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The Ninth Circuit affirmed the district court's dismissal of plaintiff's action against defendants, two Edison Executives, alleging breach of fiduciary duty under the Employee Retirement Income Security Act (ERISA) in managing the plan's assets. Defendants are fiduciaries of Edison's 401(k) employee stock ownership plan (ESOP). Plaintiff claimed that Defendant Fiduciary Boada breached his duty of prudence by allowing employees to continue to invest in Edison stock after he learned that the Edison stock was artificially inflated.The panel concluded that the district court properly determined that plaintiff failed plausibly to plead that a prudent fiduciary in defendants' position could not have concluded that plaintiff's proposed alternative action of issuing a corrective disclosure would do more harm than good. In this case, the second amended complaint relies solely on general economic theories and is devoid of context-specific allegations explaining why an earlier disclosure was so clearly beneficial that a prudent fiduciary could not conclude that disclosure would be more likely to harm the fund than to help it. Accordingly, plaintiff failed to state a claim for breach of the duty of prudence consistent with the standard announced in Fifth Third Bancorp v. Dudenhoeffer, 573 U.S. 409, 428 (2014). Consequently, the derivative monitoring claim alleged against Defendant Craver also fails. View "Wilson v. Craver" on Justia Law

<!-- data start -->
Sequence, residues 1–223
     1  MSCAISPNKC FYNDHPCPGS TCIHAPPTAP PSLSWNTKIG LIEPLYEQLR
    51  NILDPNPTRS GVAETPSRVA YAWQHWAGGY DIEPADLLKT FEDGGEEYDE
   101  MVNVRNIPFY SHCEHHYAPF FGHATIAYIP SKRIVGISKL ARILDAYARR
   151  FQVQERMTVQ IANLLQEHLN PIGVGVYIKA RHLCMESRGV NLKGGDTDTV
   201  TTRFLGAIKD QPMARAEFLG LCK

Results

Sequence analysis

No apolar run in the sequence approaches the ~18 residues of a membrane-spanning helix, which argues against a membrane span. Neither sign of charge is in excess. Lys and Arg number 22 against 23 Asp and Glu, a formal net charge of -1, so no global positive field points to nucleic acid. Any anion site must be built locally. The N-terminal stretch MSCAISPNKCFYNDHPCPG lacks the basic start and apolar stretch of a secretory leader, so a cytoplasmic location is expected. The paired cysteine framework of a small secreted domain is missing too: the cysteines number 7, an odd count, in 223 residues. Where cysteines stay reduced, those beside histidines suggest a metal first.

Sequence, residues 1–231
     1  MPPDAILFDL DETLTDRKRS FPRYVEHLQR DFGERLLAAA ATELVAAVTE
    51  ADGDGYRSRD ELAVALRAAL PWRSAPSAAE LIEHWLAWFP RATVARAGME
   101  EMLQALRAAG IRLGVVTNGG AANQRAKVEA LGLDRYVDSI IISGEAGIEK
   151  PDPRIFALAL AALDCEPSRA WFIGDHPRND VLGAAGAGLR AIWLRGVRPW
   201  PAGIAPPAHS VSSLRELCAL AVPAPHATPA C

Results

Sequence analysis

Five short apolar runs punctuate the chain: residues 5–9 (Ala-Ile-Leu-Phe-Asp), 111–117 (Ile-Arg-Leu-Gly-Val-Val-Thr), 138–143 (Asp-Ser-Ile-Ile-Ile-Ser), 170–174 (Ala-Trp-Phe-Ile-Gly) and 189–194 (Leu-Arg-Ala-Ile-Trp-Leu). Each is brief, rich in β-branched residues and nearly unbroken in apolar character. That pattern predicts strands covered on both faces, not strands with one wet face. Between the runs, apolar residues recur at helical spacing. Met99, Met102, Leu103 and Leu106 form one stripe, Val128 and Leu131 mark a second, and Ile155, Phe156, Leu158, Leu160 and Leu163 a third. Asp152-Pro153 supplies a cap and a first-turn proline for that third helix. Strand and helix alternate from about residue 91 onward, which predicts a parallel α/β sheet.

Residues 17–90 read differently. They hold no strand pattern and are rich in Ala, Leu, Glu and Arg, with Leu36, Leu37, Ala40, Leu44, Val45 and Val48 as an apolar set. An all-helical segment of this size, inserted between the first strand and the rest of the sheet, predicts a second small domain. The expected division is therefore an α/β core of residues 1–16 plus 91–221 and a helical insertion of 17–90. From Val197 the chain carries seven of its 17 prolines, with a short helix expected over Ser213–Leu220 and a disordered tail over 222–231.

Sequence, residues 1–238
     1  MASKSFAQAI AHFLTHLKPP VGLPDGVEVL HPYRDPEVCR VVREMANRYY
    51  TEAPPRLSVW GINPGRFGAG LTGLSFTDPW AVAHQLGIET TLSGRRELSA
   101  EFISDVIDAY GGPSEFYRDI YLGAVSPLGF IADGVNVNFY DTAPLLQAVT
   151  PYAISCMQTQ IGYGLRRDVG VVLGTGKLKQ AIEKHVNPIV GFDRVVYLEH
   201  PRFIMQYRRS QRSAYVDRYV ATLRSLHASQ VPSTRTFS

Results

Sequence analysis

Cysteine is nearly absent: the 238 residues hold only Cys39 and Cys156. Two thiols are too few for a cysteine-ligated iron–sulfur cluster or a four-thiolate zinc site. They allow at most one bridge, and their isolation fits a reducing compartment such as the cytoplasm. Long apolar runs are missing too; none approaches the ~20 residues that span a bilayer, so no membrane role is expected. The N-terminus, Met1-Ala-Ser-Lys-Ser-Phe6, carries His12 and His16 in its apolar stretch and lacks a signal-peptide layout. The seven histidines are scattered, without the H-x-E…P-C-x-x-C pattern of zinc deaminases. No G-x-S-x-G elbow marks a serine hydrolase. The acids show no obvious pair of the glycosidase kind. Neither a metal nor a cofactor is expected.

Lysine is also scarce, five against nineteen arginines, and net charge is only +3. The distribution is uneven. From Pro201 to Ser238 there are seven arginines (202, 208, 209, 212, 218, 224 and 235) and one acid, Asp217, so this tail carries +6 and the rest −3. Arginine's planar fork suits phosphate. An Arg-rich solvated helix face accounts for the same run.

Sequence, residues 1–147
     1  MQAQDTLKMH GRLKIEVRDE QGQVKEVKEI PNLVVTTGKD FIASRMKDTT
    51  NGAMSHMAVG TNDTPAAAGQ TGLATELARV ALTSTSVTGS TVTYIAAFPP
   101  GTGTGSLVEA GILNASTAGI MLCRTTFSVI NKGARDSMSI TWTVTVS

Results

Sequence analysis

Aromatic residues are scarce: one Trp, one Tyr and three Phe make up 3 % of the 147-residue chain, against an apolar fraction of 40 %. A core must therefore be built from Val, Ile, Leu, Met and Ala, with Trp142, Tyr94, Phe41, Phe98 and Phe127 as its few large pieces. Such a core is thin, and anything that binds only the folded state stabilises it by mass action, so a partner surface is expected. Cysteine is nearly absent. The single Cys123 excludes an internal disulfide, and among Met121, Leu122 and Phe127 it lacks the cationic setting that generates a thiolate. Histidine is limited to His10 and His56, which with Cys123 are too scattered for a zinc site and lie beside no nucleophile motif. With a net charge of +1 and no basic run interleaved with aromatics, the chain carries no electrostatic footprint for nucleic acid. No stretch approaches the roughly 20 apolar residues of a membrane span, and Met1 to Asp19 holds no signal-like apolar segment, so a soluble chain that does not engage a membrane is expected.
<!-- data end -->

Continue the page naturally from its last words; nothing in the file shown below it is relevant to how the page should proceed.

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Plaintiffs filed suit alleging that Hewitt, the Committee, and Northrop had breached their fiduciary duties and that the Committee failed to provide required Employee Retirement Income Security Act (ERISA) benefit information. In the alternative, plaintiffs asserted state-law professional negligence and negligent misrepresentation claims against Hewitt. Plaintiffs' claims stemmed from statements mailed by Hewitt that grossly overestimated the benefits to which each plaintiff would be entitled. The district court granted defendants' motion to dismiss.The Ninth Circuit affirmed the district court's dismissal of plaintiffs' fiduciary duty claims against Northrop and the Committee, concluding that Northrop and the Committee did not breach a fiduciary duty by failing to ensure that Hewitt correctly calculated plaintiffs' benefits. The panel agreed with the First Circuit and held that calculation of pension benefits is a ministerial function that does not have a fiduciary duty attached to it. Likewise, plaintiffs' claim that Hewitt breached its fiduciary duties failed. The panel also concluded that plaintiffs did not adequately plead that they submitted written requests for pension benefit statements as required to state a claim for violation of 29 U.S.C. 1025(a)(1)(B)(ii). However, because plaintiffs could plead facts adequate to allege they made written requests, the panel directed the district court to permit plaintiffs to file an amended complaint. Finally, the panel concluded that state-law professional negligence and negligent misrepresentation claims are not preempted by ERISA because they do not have a "reference to or connection with" an ERISA plan. Accordingly, the panel vacated the dismissal of the state-law claims and remanded for further proceedings. View "Bafford v. Northrop Grumman Corp." on Justia Law